There is no such thing as “time management.” There is only “me management.” All you can really manage is how to invest the your focus, your attention, and your energy.
Some people make the mistake of starting the week with no plan and no goals to speak of. They allow the world to act on them, instead of being proactive and doing meaningful work. This is order-taker behavior.
Other people have enormous lists of things they are going to each day. Their lists are so long, in fact, that it destroys their ability to be productive. Without making some determination as to what is really important, you can feel busy even though you really aren’t working.
To be effective, you have to plan your weeks and your days. One way to make sure that you invest your time in what is really important is to pick three tasks to compete each day. Here is a framework for choosing those three tasks.
Start with the most critical outcome
What is the most important outcome that you need to produce today?
The most critical outcome you might need to produce might be a conversation with a client about an opportunity. It might be a conversation with your manager about some area where you need her help. It might be ensuring that your dream client receives the answers to the follow up questions they asked after you presented your ideas.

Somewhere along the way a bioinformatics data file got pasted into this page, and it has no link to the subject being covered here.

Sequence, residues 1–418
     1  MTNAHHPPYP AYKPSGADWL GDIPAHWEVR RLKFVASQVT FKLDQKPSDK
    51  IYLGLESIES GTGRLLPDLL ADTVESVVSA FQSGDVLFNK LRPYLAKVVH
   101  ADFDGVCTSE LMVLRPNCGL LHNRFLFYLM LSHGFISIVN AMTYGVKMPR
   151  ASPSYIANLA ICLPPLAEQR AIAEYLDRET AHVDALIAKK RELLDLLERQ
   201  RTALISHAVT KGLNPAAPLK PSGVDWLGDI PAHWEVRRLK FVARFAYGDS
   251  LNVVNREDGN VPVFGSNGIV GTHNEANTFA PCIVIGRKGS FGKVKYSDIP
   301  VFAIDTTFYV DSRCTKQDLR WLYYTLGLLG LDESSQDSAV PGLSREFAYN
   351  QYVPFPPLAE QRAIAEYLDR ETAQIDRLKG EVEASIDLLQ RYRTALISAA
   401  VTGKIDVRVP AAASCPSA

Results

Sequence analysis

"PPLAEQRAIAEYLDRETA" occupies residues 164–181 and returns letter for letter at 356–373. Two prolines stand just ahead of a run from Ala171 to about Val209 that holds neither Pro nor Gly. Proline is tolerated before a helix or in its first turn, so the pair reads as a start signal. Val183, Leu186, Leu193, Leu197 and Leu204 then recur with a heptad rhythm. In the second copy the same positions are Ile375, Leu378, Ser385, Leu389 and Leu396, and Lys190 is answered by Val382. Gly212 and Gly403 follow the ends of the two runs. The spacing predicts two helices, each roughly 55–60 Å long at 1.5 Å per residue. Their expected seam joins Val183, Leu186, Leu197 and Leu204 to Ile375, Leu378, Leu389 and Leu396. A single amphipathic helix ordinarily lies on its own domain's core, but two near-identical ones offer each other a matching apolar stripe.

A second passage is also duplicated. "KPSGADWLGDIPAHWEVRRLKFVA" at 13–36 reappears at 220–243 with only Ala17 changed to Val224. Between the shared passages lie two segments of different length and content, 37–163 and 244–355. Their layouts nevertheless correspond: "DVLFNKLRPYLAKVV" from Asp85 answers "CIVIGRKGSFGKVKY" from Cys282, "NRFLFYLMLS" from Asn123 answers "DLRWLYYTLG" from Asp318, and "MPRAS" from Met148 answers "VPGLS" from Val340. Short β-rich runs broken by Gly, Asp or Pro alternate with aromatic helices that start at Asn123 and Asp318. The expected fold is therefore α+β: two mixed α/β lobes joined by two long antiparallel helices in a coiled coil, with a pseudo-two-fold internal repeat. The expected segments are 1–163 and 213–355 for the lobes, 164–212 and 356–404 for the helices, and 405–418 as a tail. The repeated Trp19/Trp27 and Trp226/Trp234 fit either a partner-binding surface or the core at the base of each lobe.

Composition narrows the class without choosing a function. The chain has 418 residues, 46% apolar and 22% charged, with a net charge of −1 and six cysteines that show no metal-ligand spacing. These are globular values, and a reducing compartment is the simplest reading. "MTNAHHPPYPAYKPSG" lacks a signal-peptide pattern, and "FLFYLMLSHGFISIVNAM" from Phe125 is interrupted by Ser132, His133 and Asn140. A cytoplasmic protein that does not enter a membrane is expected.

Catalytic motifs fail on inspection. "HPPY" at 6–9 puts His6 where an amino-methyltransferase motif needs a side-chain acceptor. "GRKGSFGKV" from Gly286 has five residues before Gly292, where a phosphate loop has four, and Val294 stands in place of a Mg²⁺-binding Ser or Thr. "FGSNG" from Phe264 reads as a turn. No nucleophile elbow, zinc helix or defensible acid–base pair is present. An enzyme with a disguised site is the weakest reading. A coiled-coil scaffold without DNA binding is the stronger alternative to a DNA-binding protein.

It’s likely you know what you need to do. Sometimes we don’t do the work that gives us the outcomes that we really need because they are difficult or require uncomfortable conversations. Other outcomes would require that we do some boring, mundane task that might easily be put off for a couple days.
Do your most important task and work towards your most critical outcome first each day.
Start with your best opportunity
What is the most important outcome you need to produce as it pertains to the best opportunity you are pursuing?
Take a look at your pipeline. What is the most important task you need to complete in order to move that opportunity forward?
Most salespeople would benefit from a pipeline review that requires them to define the next action necessary on all of their real opportunities and commit to a date by which they will take that action.
Start with something that isn’t urgent
What task or action can you take today that is not urgent but critically important to you overall success?
Prospecting is never urgent until it is—and then it’s too late. Nurturing your dream clients is never urgent, either. Many of the actions you need to take in order to be a top 20-percenter aren’t urgent at all; they are just critically important to your success.
Committing to take action on non-urgent, critically important tasks each day prevents you from being managed by the urgencies of others and, more importantly, it ensures that you do what really needs to be done in order to succeed.
To improve your effectiveness, pick three tasks and each day, and make them count.
How do you decide how to invest your time each day?
How do you ensure that you focus on the most important tasks and outcomes first?
What do you to prevent yourself from being enslaved to the urgent at the cost of your long-term success?
What challenges do you have as a salesperson that might be improved by your being more proactive each week?
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Filed under: Sales 3.0